|Let me begin this review by referring you to my thoughts on Linda Howard’s last book, Ice: (In said review, I expressed my unhappiness with the brevity of the book, the undeveloped nature of the characters, the typicality of the plot, and the mediocrity of the romance. I rated the book as “think twice.” (That’s what two hearts means.) I also pined for the complex, engaging and entertaining romances of Howard’s past. With this disappointment in mind, I opened Veil of Night with some trepidation. Would I find another book that seemed simply “mailed in” or would I find at least some echo of the Linda Howard whose older works I love and often reread?
The answer to this question is a bit of both. Veil of Night is certainly a better book than Howard’s last offering. But it lacks the depth and interest of her earlier works. Clearly this is an “acceptable” romantic suspense novel, but frankly, I (and I imagine her other fans) expect more.
Howard has set her latest story against the background of the contemporary wedding craziness. The heroine, Jaclyn Wilde, and her mother Madelyn, run Premiere, one of Atlanta’s best event planning business and as the story opens, Jaclyn finds success may be too much of a good thing. Premiere has six weddings in five days with all that entails. So it’s not surprising that Jaclyn forgot to mail in her traffic fine and has to visit city hall. As she rushes to her next appointment she literally bumps into the hottest guy she has met in months, nay years. The tingle is instantaneous but Jaclyn has no time for dalliance.
The biggest cloud on Jaclyn’s horizon is not the insane schedule she faces but rather the Bridezilla to end all Bridezillas. Carrie Edwards has been making Jaclyn and everybody else involved with her wedding crazy for a year and the date is still a month away. After an insane phone call with the bride-to-be (her latest start is her determination to redo the bridesmaid dresses) and facing a meeting with Carrie the next day, Jaclyn decides she deserves a drink. She chooses a bar where cops hang out and who should be there but the hunk from earlier.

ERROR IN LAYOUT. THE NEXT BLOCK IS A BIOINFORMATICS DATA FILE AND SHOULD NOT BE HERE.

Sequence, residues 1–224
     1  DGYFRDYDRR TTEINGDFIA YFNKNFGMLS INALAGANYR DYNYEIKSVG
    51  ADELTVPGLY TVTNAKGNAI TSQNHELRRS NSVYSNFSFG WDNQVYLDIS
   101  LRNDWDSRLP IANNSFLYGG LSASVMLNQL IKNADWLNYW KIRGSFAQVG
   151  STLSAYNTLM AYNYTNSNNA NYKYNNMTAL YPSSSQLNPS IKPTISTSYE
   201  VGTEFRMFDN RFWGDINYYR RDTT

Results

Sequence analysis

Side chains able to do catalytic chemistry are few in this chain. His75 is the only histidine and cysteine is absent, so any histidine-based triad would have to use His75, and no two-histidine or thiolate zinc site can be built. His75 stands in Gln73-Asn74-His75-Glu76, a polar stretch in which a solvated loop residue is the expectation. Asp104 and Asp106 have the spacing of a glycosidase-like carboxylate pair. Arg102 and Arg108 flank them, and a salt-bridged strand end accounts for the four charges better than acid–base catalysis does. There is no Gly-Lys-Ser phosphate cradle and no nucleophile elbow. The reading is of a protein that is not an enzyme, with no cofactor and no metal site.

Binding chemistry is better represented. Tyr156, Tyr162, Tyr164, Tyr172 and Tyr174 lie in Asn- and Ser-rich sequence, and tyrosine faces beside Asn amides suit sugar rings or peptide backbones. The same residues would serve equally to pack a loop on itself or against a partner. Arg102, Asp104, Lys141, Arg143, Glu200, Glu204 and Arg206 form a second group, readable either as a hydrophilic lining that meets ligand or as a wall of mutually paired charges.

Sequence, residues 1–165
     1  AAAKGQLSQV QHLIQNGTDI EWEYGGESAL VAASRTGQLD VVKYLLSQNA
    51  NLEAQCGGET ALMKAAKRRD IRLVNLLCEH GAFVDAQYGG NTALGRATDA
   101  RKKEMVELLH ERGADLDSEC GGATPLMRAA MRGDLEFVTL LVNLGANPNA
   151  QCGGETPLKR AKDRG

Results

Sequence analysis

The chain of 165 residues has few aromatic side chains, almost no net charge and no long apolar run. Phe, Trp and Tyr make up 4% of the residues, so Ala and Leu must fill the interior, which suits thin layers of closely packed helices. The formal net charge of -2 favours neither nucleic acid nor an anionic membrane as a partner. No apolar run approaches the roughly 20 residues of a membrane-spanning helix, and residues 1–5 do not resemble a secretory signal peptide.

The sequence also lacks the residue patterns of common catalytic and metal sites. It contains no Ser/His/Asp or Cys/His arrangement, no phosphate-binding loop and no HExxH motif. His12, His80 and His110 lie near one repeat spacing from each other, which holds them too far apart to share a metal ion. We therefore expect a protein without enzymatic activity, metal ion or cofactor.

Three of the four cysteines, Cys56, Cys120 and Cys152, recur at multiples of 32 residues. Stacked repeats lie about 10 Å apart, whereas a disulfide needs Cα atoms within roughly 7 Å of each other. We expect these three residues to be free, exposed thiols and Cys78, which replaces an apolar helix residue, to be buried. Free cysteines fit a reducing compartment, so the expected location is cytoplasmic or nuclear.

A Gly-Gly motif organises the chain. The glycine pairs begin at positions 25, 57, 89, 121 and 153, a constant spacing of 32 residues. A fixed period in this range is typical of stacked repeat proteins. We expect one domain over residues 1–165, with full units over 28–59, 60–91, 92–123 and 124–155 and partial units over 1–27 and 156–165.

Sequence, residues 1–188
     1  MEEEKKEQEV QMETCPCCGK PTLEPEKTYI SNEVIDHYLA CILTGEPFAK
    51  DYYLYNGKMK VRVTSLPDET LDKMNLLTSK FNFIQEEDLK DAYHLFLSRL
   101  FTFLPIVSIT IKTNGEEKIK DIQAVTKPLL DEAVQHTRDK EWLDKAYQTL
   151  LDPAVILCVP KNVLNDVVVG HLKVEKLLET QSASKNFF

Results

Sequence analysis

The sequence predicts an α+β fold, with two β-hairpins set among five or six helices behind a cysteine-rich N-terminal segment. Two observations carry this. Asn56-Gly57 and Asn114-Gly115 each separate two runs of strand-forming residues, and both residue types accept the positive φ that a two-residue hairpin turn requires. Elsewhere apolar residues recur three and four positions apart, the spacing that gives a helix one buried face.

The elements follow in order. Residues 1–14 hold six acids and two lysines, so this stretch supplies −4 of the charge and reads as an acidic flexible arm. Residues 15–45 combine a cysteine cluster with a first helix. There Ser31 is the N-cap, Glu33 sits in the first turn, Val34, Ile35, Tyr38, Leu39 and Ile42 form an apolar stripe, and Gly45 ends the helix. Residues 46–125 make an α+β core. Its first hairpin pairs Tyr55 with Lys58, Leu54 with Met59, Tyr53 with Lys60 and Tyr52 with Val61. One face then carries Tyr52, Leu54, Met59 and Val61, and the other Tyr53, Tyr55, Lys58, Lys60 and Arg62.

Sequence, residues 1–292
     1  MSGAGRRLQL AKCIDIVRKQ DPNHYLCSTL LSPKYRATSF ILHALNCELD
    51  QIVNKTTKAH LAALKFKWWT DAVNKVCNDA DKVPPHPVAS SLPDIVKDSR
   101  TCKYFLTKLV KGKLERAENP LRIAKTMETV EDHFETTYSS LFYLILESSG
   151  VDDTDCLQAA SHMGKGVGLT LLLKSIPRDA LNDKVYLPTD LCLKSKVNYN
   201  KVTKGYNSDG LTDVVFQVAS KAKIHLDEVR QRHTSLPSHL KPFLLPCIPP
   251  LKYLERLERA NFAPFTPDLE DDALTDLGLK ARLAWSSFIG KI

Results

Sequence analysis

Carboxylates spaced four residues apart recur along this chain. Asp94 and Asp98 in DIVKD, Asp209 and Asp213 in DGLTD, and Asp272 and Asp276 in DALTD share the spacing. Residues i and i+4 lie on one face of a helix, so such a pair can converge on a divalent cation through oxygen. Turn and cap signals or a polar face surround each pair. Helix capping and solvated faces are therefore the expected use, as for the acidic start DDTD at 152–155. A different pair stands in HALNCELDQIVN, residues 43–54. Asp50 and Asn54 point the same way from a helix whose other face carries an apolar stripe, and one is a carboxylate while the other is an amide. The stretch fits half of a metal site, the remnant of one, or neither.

Detective Eric Wilder is delighted to see the attractive woman who almost mowed him down again and is happy to pursue the acquaintance. In typical Howard fashion, the hormones go into overdrive and the two end up in bed together that very night. The sex is great. Jaclyn, who doesn’t do this kind of thing, is shocked by her behavior. She tells Eric to call next week when her crazy schedule slows down and hopes he will. But Jaclyn and Eric are destined to meet much sooner and under trying circumstances.
The next day’s meeting with Bridezilla does not go well. Carrie manages to infuriate the dressmaker, insult the veil maker, antagonize the florist, anger the caterer, and both verbally and physically assault Jaclyn. When the bride-to-be follows up the slap with the axe, Jaclyn couldn’t be happier. Even the fact that Carrie is marrying into Atlanta’s moneyed and political elite is not enough to make dealing with this bitch worth the effort. But Carrie is not destined to be the bride of the year. Shortly after the meeting breaks up, someone kills the young woman – with the skewers the caterer had left behind.
Eric is assigned the case and soon discovers that Jaclyn was the last person to see the victim alone and had a seeming motive for killing this most unpleasant person. Since the department is short-handed, he is kept on the case, even though he admits to his fling with one of the suspects. But he has to be very careful not to show any favoritism to Jaclyn. For her part, Jaclyn is hurt and angry that the man who had made such passionate love to her could seemingly suspect her of murder. It looks like any chance their relationship had for a future is gone.
\Let me note that among the enjoyable aspects of Veil of Night are the characterizations of the heroine and hero. Both are interesting, attractive and fun people. The heat between them is palpable and their relationship works. I did find the “conflict” a little farfetched. Jaclyn is an intelligent person. I can’t imagine that she would be so angry and hurt when Eric – in pursuit of his job – asks her legitimate questions and takes logical steps to determine her role if any in the murder. Her negative reaction seems a very thin reed upon which to sustain a romantic conflict.
I found the suspense in Veil of Night well below my expectations. Howard knows how to create tension and keep the reader wondering whodunit and why. There is none of said tension here. I found it pretty obvious from the outset who the likely killer was and the complications that Howard included did not really add to the atmosphere.
This said, there was enough entertaining stuff in the book – especially in the descriptions of the more unusual wedding behaviors – to make Veil of Night an acceptable romantic suspense novel. It is clearly lighter than many of Howard’s stories (more like Drop Dead Gorgeous than Cry No More) but the author does lighter well. If it lacks the depth and intensity of Howard’s earlier novels, well, truth be told, most current romance novels lack the depth and intensity of their predecessors. Howard knows how to tell a good tale and her love scenes are still among the very best.